Paying Employees to Eat?

Recent Superior Court Case Gives Important Reminder

A recent decision from the Superior Court reminds us that the rules that apply to payment of compensation for meal breaks are the more employee-friendly Massachusetts rules rather than the less strict federal test under the Fair Labor Standards Act.

Under the FLSA, the “predominant” rule applies, i.e., compensation for meal time is determined by whether the time is spent predominantly for the benefit of the employer or predominantly for the benefit of the employee.  The Massachusetts rule, which applies to all employers of employees in Massachusetts, however, takes precedence.  The Massachusetts rule requires that an employee be compensated for the time unless the employee was relieved of all work-related duties during the meal break.

In DeVito v. Longwood Security Services, Inc., decided on December 23, 2016, Judge Edward Leibensperger ruled that there was “no ambiguity” in the language of the regulations interpreting the Massachusetts Wage Act that would warrant the court in considering the federal test.  Accordingly, the Court adopted the “relief from duties” test, leaving for the jury the determination as to whether the employee enjoyed full and complete relief from all duties during their meal breaks.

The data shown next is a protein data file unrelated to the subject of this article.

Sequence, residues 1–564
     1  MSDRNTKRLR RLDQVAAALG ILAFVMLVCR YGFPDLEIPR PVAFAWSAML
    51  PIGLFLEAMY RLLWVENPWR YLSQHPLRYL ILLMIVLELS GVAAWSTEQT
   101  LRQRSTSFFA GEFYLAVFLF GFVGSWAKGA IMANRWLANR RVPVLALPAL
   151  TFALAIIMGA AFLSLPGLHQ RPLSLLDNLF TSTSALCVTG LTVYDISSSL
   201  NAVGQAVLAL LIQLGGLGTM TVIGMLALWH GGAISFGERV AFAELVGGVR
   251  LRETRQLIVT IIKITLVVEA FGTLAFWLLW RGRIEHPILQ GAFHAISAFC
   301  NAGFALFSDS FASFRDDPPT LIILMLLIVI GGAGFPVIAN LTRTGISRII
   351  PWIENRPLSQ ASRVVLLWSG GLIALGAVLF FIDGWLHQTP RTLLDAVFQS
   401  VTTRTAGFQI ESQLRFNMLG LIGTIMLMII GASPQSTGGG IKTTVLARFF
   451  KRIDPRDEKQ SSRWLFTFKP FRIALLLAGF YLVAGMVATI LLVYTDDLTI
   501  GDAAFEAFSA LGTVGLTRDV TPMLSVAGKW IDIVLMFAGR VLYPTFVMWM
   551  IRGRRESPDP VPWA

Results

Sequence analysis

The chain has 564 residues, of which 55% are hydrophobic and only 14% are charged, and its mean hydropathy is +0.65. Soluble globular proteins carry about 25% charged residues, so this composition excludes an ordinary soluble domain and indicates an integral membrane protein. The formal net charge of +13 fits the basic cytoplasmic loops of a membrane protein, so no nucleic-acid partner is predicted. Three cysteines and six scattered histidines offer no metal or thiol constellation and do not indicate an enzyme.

This case stands for the proposition that a “little ask” may become a “big deal.”  The next time you are thinking of interrupting your employee’s tuna sandwich to make “just one copy,” recognize that it may turn out to be a very expensive copy.

About Rich Van Nostrand

Rich is a partner at the Firm. He has extensive experience in general civil trial work, with concentrations in business, commercial and employment litigation. He provides advice and representation in a variety of business and commercial litigation matters, including shareholder disputes, corporate dissolutions, intra- and inter-company disagreements, and intra-family business disputes. Rich also provides ongoing employment litigation and counseling services to numerous clients in the private, public and higher education sectors. In the private sector, Rich represents clients in a broad range of industries including health care, professional services, high technology, industrial and manufacturing. In addition, he is also frequently selected by litigants to assist in the resolution of their disputes as an independent arbitrator or mediator.
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